Eliphaz elegantly continues the fake wisdom in Chapter 22. He uses Psalm 16:2 and 1 Chronicles 29:14 to conclude that all Job’s calamities must be because of his own sin; there cannot be any other explanation. Instead of dealing with the facts of Job’s life, he argues why innocence is impossible given the results. Eliphaz then launches a verbal assault, no longer nuanced, but “in-your-face”:
“Is not your evil abundant? There is no end to your iniquities” (22:5).
Then without proof of any kind, Eliphaz uses the rest of the chapter to list an incredible series of evils that Job must have done to receive such extreme judgment from God. Eliphaz is not only playing God, he is inventing God. Today he would be served with a libel lawsuit.
In verses 21 to 30, Eliphaz concludes that Job does not even know God, and offers syrupy pastoral counseling that Job should turn to God, clean up his act, and God will forgive him.
I note here that throughout this entire debate, fake wisdom has never detected the presence of Satan, roaming like a lion, slithering as the snake of Eden. Of course, neither does Job know that God has given Satan permission to test him to the limits.
So this entire encounter is about who God is: distant and vague with overwhelming judgment; or personal with never-ending love and restoration in response to repentance?
While Job cannot know Jesus, he has inklings of a Savior in Chapter 23. He responds to the “counseling” of Eliphaz:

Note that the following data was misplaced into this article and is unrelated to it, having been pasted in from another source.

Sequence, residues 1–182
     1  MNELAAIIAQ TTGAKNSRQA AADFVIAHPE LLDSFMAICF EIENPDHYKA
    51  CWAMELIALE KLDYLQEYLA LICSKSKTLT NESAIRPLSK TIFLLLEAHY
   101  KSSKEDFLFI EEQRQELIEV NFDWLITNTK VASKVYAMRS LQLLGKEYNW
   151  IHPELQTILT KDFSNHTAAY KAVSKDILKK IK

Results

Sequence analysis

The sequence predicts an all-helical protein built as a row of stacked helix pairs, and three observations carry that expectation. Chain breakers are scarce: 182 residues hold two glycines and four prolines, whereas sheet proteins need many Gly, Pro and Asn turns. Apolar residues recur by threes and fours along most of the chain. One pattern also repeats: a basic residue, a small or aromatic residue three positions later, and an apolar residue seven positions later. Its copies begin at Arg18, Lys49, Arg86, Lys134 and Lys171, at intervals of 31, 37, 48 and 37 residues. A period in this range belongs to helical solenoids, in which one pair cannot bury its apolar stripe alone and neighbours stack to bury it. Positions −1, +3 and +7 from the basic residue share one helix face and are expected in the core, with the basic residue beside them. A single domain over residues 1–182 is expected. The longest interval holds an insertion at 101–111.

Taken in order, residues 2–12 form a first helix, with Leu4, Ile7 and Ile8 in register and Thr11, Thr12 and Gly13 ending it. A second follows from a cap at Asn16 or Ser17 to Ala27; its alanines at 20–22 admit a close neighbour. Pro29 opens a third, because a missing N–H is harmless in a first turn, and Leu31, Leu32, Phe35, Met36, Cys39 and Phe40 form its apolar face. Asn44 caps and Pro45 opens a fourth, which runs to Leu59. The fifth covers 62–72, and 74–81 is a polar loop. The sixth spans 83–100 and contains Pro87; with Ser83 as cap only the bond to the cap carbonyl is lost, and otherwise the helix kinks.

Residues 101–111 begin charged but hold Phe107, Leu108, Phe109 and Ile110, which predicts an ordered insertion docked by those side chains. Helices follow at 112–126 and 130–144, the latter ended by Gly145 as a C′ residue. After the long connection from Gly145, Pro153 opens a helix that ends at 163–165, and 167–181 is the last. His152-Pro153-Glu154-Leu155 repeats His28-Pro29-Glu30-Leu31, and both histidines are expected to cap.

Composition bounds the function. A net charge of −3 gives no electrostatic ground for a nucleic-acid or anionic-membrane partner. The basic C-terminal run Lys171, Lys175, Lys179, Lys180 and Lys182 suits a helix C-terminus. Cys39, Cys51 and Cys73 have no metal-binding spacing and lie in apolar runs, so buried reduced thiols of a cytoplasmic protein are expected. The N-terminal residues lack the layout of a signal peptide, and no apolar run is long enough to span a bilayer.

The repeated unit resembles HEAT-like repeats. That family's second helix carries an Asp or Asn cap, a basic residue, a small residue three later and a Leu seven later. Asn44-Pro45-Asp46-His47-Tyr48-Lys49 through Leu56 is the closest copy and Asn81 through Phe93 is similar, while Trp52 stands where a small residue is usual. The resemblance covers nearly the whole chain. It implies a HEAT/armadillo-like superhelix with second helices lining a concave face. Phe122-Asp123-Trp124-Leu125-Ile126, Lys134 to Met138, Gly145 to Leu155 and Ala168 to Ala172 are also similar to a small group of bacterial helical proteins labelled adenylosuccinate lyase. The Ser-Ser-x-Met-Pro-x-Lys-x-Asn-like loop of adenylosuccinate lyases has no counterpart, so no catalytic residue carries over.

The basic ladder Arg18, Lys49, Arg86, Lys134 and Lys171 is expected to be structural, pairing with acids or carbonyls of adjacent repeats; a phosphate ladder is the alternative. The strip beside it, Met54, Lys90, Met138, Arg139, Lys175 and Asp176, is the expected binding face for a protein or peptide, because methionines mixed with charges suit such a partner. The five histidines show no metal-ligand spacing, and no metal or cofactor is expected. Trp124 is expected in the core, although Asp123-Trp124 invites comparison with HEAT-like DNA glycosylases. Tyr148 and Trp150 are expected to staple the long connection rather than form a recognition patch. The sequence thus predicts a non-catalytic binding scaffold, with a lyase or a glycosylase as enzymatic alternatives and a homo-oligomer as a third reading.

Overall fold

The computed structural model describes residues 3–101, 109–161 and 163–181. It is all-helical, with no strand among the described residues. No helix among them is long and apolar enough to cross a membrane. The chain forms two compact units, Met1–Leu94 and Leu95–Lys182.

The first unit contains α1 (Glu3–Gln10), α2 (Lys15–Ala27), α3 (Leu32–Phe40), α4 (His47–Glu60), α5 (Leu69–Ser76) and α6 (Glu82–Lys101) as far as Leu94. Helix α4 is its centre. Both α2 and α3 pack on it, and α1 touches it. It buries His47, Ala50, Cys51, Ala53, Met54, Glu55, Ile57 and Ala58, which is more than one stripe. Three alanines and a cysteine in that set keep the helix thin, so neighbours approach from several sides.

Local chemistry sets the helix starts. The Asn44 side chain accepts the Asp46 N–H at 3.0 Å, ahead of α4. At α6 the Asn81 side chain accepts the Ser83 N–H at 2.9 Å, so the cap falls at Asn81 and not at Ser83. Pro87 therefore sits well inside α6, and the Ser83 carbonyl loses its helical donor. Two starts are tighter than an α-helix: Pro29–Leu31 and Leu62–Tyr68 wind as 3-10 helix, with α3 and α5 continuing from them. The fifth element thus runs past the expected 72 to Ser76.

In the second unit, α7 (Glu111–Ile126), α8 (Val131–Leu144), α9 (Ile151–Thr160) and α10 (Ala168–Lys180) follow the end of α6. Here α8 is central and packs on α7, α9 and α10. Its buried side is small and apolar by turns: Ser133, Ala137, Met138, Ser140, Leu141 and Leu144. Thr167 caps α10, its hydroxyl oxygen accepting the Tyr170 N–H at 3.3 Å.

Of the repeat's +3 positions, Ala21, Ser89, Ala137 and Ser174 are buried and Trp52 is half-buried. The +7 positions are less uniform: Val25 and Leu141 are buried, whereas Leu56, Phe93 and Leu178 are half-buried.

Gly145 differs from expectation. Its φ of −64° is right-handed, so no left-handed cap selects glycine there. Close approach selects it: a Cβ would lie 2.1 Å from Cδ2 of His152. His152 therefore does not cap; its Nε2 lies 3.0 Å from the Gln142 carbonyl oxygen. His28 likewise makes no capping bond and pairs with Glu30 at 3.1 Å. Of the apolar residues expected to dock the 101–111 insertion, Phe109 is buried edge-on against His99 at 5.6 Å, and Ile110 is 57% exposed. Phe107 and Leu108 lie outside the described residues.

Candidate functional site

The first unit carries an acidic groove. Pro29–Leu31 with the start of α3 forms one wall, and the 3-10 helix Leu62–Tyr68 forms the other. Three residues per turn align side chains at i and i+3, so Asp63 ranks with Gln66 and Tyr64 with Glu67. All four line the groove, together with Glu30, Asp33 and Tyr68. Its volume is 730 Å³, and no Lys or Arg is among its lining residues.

“But he knows the way that I take; when he has tried me, I shall come out as gold. My foot has held fast to his steps; I have kept his way and not turned aside. I have not departed from the commandment of his lips; I have treasured the words of his mouth more than my portion of food” (23:10-12).
Read this passage a couple more times. Take it as your personal response to suffering. Pray God and come out as gold! Don’t play God and question why.
In Chapter 24, Job asks rhetorically why the wicked always seem to be sustained in power and wealth, while the innocent seem to suffer. He then answers, saying all is not as it seems:
“[Yes,] They are exalted a little while, and then are gone; they are brought low and gathered up like all others; they are cut off like the heads of grain” (24:24).
Job is saying that we should not play God by trying to explain his timing or his motives. The wicked may appear to thrive, but in the end, they are cut off from God like unripe heads of grain – forever.
Rather we should pray God, even pleading our case before his mighty presence. On our own, we might come out as ashes. But with Jesus as our advocate – read that as defense attorney – we will come out as gold, shining in the Son of Heaven!